Biofilms and persisters are bacterial communities responsible for chronic diseases and antibiotic tolerance.
Explain the role of biofilms and persisters in multidrug tolerance, distinguishing this from multidrug resistance
- Biofilms are aggregates of microbial cells that form to avoid antimicrobial agents or attack by the immune system.
- Persisters are slow-growing, dormant microbial cells that can tolerate antibiotic treatment.
- Biofilms and persisters are responsible for chronic bacterial infections and recurrent disease.
- Antibiotic tolerance is different from antibiotic resistance but equally important as a public health burden for eradication of serious bacterial diseases.
- gingivitis: inflammation of the gums or gingivae
- extracellular matrix: All the connective tissues and fibers that are not part of a cell, but rather provide support.
Biofilms are bacteria that have formed a gated community. Biofilms are composed of an aggregate of bacterial cells and are essentially considered a multi-cellular organism. They are characterized by structural heterogeneity, genetic diversity, complex community interactions, and an extracellular matrix of polymeric substances. They live on solid surfaces (e.g., catheters, ) and the extracellular material they produce protects them from external threats, such as attacks by the body’s immune cells. The property of biofilms constitute a penetration barrier for most antibiotics therefore preventing the drug from reaching the microbes. It is being widely recognized that bacterial biofilms are responsible for several chronic diseases that are difficult to treat, hence hard to eradicate (e.g., cystitis, endocarditis, urinary tract infections, gingivitis, dental plaque, and other yet to be identified conditions). They differ from free-floating or planktonic bacteria that cause acute infections and are managed by antimicrobial drugs.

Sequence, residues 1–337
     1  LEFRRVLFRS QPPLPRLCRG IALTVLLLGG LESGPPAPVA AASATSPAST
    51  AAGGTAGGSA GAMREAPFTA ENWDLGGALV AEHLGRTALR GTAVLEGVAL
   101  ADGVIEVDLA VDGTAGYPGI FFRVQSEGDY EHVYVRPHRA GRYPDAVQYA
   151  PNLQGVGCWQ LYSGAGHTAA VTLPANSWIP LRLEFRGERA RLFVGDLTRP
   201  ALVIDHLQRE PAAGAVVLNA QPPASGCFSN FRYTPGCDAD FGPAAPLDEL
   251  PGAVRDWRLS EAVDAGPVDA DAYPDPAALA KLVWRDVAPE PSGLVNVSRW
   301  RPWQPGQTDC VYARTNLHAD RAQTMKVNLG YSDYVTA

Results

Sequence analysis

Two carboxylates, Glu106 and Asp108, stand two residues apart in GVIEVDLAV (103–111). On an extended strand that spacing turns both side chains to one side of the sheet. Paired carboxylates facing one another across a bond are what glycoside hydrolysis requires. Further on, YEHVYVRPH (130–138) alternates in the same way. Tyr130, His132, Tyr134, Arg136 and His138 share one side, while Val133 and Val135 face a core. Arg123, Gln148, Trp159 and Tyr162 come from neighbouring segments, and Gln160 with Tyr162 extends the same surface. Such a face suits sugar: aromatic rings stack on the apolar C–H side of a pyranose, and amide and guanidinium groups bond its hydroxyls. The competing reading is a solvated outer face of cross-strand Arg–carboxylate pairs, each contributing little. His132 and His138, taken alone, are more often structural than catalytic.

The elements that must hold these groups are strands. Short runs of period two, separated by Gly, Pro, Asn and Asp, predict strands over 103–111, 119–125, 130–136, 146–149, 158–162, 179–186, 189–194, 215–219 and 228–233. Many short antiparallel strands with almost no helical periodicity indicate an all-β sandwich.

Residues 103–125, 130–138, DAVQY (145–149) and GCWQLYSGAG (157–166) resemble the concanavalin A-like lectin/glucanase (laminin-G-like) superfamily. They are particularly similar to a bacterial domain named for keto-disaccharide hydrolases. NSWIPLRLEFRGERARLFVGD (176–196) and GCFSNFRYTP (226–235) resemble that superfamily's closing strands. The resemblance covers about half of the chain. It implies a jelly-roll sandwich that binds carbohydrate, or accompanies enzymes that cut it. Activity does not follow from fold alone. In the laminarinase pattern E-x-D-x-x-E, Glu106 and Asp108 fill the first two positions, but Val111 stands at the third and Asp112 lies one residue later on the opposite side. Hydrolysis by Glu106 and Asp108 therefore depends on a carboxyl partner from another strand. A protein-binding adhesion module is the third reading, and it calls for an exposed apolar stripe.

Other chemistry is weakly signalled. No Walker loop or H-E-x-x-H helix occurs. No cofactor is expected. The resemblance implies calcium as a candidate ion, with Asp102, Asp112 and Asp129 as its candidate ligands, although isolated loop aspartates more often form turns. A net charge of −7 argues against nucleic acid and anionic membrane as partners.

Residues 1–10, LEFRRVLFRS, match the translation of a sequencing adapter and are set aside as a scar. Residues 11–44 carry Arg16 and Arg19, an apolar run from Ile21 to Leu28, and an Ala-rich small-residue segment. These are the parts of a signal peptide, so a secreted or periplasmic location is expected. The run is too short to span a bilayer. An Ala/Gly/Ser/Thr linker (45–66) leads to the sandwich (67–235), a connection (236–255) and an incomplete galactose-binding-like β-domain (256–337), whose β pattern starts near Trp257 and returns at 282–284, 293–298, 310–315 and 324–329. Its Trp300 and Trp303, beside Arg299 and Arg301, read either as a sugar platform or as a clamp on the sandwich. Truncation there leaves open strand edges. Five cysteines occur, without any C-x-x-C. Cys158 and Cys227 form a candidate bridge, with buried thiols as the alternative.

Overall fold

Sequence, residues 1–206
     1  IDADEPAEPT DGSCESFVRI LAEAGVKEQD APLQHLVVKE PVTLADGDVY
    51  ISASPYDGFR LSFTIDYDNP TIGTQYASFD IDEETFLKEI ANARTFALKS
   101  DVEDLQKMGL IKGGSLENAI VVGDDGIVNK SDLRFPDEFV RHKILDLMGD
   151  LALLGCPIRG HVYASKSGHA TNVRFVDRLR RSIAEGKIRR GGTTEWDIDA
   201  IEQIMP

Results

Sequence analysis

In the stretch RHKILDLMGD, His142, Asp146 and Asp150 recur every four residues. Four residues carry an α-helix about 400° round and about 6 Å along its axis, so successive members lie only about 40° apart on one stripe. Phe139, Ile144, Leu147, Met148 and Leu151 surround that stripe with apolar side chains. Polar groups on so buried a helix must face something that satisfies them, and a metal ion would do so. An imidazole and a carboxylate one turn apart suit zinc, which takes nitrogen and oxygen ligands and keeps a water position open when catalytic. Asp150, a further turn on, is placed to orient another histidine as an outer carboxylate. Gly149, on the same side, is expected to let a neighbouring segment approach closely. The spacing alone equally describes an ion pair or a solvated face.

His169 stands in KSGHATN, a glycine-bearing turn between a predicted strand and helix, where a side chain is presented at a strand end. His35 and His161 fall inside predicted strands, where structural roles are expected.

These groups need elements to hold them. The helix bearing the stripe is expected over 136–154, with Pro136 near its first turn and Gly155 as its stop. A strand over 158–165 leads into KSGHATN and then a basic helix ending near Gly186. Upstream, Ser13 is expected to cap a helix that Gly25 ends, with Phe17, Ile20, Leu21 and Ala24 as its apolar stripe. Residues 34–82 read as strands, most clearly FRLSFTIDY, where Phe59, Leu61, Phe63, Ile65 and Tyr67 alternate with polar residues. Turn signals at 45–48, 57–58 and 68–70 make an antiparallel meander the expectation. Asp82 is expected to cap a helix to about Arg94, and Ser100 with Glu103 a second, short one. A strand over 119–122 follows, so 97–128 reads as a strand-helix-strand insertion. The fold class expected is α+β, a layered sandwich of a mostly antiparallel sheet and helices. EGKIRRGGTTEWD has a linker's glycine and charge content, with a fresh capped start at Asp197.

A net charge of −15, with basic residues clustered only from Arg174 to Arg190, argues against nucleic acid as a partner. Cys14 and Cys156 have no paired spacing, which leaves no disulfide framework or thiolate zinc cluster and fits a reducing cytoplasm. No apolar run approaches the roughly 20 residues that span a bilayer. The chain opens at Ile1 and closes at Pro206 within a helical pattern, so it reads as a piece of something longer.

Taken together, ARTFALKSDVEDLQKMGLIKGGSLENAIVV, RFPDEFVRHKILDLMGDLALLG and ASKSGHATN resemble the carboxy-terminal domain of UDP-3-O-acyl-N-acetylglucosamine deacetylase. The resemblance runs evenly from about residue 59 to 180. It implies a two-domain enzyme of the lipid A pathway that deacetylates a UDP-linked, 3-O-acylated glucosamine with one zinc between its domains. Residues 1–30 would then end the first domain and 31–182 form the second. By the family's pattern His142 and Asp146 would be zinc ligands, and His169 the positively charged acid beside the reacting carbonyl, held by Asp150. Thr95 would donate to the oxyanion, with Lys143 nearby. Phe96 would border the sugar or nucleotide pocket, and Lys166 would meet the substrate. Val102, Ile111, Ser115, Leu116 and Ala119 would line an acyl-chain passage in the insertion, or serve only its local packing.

Staphylococcus aureus biofilm: Staphylococcus aureus forming a biofilm on a catheter.
Persisters are multidrug tolerant cells present in all bacterial populations. Bacterial populations that produce persister cells that neither grow nor die in the presence of microbicidal antibiotics are largely responsible for high levels of biofilm tolerance to antimicrobials. Persisters are not mutants, but rather phenotypic variants of the wild-type that upon inoculation produce a culture with similar levels of tolerance. Elimination of persisters remains an obstacle for the eradication of some tenacious and highly recurrent bacterial infections. Biofilms and persisters are the cause of multidrug tolerance. Multidrug tolerance differs from multidrug resistance in that it is not caused by mutant microbes but rather by microbial cells that exist in a transient, dormant state. These non-dividing cells often survive antibiotic exposure targeted to kill highly proliferating bacteria.